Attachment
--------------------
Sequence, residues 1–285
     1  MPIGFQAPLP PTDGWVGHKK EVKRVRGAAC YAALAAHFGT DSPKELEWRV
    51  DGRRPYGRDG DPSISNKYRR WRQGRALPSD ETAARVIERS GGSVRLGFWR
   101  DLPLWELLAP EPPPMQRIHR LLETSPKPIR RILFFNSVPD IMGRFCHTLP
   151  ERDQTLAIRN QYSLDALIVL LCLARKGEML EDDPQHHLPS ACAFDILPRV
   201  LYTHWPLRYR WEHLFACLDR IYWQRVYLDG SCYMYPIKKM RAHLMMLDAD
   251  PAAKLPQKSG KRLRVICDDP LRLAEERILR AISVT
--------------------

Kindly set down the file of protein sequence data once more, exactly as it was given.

Sequence, residues 1–285
     1  MPIGFQAPLP PTDGWVGHKK EVKRVRGAAC YAALAAHFGT DSPKELEWRV
    51  DGRRPYGRDG DPSISNKYRR WRQGRALPSD ETAARVIERS GGSVRLGFWR
   101  DLPLWELLAP EPPPMQRIHR LLETSPKPIR RILFFNSVPD IMGRFCHTLP
   151  ERDQTLAIRN QYSLDALIVL LCLARKGEML EDDPQHHLPS ACAFDILPRV
   201  LYTHWPLRYR WEHLFACLDR IYWQRVYLDG SCYMYPIKKM RAHLMMLDAD
   251  PAAKLPQKSG KRLRVICDDP LRLAEERILR AISVT